The controversy surrounding the 2022 World Cup in Qatar won’t die down, and through journalistic and federal investigation, documents linking payments of millions to Jack Warner, the former vice president of FIFA, by a company controlled by a former Qatari football official throw another suspicous, not to say inciminating light over the whole voting process.
Warner and his family, according to the documents, were paid over $2 million, with Warner personally paid $1.2 million shortly after the decision to take the World Cup to Qatar was successfully voted on. Almost $750,000 went directly to his sons, while $450,000 was paid to one of his employees.
The FBI are now investigating the Trinidad-based Mr Warner and his alleged links to the Qatari bid. His son, who lives in Miami, seems to be helping with the investigation as a witness.
The documents discolse that a company owned by Mohamed Bin Hammam, the Fifa executive member for Qatar seems to have paid Warner $1.2 million in 2011. A note from one of Mr Warner’s companies, Jamad, to Mr Bin Hammam’s firm, Kemco, requested $1.2 million in payment for work carried out between 2005 and 2010. The documents is dated December 15, 2010, coming two weeks after Qatar won the vote, saying the moey is payable to Mr. Jack Warner.
There’s a document suggesting the payments were made in order to offset legal and other expenses; another letter claims more than $1 million were paid for the exchange of professional services provided over the period 2005-2010. It has also been disclosed that at least one bank in the Cayman Islands initially refused to process the payment amid fears over the legality of the money transfer. The money was processed through a bank in New York, something the drew the attention of the FBI.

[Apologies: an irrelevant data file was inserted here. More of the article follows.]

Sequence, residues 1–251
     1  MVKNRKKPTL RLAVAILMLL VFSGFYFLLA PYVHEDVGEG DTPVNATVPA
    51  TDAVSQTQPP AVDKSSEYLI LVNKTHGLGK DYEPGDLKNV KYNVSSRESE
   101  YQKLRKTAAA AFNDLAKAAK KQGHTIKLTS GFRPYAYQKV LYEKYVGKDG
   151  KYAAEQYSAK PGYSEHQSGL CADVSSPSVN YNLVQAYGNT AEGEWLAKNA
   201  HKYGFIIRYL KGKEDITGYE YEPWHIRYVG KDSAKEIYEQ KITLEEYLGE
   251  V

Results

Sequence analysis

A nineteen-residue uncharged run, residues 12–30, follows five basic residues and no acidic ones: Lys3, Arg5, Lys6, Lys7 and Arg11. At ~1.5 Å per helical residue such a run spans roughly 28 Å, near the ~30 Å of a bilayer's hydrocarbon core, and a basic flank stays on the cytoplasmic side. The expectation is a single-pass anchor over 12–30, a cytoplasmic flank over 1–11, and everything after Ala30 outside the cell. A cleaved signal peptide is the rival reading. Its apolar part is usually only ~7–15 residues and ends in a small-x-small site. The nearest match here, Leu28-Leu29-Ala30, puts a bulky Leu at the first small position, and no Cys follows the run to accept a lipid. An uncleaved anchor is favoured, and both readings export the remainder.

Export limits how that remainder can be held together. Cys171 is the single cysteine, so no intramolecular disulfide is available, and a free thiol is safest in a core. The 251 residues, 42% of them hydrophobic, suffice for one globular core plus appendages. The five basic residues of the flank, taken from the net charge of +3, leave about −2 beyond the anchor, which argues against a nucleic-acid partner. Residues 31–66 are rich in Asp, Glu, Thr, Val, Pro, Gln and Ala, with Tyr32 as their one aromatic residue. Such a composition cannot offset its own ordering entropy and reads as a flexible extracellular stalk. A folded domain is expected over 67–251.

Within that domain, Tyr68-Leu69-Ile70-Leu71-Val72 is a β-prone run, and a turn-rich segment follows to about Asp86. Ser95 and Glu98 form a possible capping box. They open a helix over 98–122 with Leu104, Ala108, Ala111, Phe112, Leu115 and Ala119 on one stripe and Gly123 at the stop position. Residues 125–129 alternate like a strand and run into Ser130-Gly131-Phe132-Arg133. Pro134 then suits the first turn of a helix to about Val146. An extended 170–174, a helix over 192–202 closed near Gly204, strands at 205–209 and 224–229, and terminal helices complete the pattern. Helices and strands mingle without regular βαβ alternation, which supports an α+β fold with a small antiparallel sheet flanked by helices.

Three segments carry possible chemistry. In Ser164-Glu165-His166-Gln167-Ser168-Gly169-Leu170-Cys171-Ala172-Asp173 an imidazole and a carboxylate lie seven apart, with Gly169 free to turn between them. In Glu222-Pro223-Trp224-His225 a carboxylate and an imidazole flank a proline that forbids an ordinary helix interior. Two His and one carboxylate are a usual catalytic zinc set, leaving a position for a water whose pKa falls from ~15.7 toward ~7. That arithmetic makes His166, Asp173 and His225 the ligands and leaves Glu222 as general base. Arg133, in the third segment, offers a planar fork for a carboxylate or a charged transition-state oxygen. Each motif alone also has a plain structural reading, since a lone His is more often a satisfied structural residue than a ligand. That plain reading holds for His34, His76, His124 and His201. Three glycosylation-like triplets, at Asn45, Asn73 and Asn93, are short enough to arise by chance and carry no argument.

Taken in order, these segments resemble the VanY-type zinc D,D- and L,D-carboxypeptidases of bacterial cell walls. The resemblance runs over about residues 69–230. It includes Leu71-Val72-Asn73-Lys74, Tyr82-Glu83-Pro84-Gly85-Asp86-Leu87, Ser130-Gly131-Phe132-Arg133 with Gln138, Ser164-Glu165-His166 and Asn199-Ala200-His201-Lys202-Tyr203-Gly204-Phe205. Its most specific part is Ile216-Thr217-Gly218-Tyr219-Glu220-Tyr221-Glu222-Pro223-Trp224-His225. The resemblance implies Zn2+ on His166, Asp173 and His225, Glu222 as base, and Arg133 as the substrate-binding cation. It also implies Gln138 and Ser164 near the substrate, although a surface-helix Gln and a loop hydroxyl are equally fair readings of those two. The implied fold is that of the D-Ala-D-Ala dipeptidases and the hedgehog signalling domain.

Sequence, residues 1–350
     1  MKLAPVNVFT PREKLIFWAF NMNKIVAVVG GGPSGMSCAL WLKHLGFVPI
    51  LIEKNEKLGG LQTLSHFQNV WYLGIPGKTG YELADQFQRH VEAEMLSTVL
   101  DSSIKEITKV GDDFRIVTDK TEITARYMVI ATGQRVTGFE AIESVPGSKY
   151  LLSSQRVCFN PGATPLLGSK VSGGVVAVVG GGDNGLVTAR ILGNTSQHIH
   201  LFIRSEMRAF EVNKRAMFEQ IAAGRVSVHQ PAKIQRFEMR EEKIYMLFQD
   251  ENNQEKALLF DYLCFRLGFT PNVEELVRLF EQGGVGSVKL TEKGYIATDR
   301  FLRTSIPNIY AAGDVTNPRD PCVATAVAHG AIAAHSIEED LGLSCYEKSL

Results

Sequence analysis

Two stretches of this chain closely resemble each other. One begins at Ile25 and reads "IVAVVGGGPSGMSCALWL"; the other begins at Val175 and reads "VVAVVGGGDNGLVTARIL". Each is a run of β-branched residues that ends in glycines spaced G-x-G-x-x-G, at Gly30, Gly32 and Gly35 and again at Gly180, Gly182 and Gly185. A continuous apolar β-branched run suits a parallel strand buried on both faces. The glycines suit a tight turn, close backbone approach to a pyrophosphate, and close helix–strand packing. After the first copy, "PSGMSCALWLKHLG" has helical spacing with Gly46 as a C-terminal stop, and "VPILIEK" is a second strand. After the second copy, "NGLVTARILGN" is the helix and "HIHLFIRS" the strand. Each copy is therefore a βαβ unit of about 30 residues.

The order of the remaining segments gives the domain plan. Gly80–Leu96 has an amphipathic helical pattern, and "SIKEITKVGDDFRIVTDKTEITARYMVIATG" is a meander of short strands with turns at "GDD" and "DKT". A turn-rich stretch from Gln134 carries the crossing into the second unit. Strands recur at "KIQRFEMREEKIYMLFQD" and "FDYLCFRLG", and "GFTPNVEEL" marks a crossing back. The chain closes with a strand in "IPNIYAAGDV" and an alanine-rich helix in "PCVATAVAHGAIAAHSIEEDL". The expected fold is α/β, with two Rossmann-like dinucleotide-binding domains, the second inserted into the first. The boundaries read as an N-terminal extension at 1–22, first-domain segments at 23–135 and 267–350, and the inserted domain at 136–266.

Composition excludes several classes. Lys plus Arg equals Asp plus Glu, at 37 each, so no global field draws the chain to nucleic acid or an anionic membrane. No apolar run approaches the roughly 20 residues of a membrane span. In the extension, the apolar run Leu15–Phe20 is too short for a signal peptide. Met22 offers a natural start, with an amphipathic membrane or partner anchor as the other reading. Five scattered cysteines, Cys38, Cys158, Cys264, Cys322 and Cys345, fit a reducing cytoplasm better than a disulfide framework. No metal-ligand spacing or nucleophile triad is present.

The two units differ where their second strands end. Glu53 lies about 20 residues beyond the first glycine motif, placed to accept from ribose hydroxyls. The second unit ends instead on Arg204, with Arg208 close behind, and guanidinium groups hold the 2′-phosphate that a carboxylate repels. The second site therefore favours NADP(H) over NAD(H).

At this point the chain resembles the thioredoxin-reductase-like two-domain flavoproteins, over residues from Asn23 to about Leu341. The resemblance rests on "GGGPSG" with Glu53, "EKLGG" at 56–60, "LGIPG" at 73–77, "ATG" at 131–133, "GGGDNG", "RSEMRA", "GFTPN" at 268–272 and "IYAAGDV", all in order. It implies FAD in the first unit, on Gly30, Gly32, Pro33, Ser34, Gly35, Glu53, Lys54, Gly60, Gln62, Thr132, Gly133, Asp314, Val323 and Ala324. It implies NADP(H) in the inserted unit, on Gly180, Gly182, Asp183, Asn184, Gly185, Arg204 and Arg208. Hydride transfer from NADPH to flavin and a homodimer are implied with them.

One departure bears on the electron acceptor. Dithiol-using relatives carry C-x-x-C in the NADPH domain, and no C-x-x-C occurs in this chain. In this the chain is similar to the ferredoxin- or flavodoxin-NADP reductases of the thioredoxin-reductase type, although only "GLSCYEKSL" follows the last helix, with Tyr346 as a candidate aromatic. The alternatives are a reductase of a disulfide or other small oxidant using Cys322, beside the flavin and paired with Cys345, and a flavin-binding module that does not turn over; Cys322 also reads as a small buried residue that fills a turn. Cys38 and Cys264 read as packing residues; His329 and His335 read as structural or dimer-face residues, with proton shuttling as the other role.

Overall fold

These payments need to be properly investigated. The World Cup is the most important event in football and we need to be confident that decisions have been made for the right reasons. There are lots of questions that still need to be answered.
The FBI aren’t the only ones investigating Warner’s accounts and overall alleged corruption. Michael Garcia, the joint chief investigator of Fifa’s ethics committee, has also been investigating the concerns around the bidding and voting process for the Qatar and also the 2018 World Cup in Russia, expected to deliver his report to the committee later this year.
The concerns are that members were not impartial when they cast their votes in December 2010 for the 2018 and 2022 World Cups. England, the strongest voice against what happened in the voting, received only two votes to host the 2018 World Cup and was eliminated after the first round. Concerns of corruption, bribery and the rest of the good stuff were raised even before the decision was made. Six weeks before the vote in Zurich, a World Cup official was caught in an undercover investigation agreeing to sell his vote to one of England’s rivals. A second member of the same committee was recorded asking for £1.5 million for a sports academy. Both officials were suspended, meaning that 22 people voted instead of the usual 24.
In June 2011, Warner resigned from his position at FIFA after he was accused of facilitating bribes to members of the Caribbean football union on behalf of Mohamed Bin Hammam, trying to overthrow Sepp Blatter as FIFA president. Mr Warner was caught on tape apparently urging fellow Fifa officials to accept cash gifts from Mr Bin Hammam.